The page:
The proponents of the bill tried to characterize it as a “jobs bill” and made light of the potential negative consequences, positioning it as a bill “to provide bathrooms for pilots!” However, none of them could discuss the bill without acknowledging that it had a significant potential to drive airport-related development, and Marion County Commissioner Kevin Cameron even positively described the “industrialization” it would bring about at the Aurora Airport.
Of note, there was some confusion during the proponent’s testimony about whether the bill as written would prevent cities from annexing in the future the airport to which services were being provided. Chair Clem sought a legal interpretation from legislative counsel and received it during the hearing: the bill does prevent any future annexation of the airport to the City providing the services after an agreement has been reached and services provided.
FOFP’s position on this bill was:
- It is unnecessary, and sets a bad precedent by removing municipal governance from the provision of urban services necessary for development.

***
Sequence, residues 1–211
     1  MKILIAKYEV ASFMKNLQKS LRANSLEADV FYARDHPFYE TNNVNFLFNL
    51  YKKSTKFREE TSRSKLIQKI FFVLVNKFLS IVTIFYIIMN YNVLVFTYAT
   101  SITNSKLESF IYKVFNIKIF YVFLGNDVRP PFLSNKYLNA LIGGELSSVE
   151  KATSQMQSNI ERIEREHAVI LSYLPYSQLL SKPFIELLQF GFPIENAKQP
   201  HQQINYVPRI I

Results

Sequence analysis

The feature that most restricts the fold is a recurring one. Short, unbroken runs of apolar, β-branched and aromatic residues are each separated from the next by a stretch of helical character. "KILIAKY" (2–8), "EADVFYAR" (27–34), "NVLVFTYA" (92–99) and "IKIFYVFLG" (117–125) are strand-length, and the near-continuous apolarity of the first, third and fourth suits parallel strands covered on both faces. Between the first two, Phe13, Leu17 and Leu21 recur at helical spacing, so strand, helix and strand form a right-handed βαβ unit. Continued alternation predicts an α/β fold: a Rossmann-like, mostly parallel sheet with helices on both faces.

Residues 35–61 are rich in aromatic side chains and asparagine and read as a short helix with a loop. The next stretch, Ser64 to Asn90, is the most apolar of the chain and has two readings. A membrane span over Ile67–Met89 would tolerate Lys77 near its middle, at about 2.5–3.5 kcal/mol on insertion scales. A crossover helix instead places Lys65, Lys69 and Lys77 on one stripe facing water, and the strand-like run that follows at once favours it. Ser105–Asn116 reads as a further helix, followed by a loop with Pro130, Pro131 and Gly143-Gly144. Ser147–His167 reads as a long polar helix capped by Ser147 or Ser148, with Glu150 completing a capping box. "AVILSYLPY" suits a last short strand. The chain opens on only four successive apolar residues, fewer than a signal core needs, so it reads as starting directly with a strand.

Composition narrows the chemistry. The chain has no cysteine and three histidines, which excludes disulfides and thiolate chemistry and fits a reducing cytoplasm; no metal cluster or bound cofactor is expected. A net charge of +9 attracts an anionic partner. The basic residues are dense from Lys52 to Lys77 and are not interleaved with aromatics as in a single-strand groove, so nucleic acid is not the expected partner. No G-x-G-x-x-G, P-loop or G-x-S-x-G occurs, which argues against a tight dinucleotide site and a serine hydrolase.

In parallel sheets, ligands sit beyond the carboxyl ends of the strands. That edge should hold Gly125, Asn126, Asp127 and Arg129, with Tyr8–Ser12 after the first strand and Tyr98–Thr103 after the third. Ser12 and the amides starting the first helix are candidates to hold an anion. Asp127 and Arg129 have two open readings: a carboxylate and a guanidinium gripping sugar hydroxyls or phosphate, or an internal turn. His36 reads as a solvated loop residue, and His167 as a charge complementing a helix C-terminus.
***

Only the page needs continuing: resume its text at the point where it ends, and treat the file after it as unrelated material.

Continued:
- Provision of these services should not be allowed if the development that follows requires the rezoning of high value farm land or forest land.
- If these services are to be provided by cities, the entire cost of providing them (including capital and operating costs) should be paid for by the airports, not financed by the local taxpayers.
- Provision of these services should require the approval of all cities within three miles of the airport to prevent negative impact on the cities through development.
Given the near unanimous passage in the Senate, the Rural Communities committee was under significant pressure to move the bill forward, and to their credit, considered amendments proposed by City of Wilsonville and Friends of French Prairie. These amendments would have required airports to pay for all water and sewer costs, would have prevented loss of farmland due to airport development, and required municipalities within three miles to agree. At a work session on May 25, again under a lot of pressure from proponents, the Rural Communities committee again discussed the bill. Chair Clem announced that he had sought legal interpretation from DLCD regarding whether the bill would have any impact on the “exception process” requirements in current land use law. He reported that DLCD’s opinion was that it did not change the exception process. Download the DLCD letter here.